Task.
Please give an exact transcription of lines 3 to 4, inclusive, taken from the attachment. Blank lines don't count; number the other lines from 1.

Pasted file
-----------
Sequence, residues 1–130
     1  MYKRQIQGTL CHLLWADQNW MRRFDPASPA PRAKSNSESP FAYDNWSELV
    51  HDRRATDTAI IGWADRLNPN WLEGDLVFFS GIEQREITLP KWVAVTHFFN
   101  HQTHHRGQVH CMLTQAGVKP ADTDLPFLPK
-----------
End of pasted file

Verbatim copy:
    51  HDRRATDTAI IGWADRLNPN WLEGDLVFFS GIEQREITLP KWVAVTHFFN
   101  HQTHHRGQVH CMLTQAGVKP ADTDLPFLPK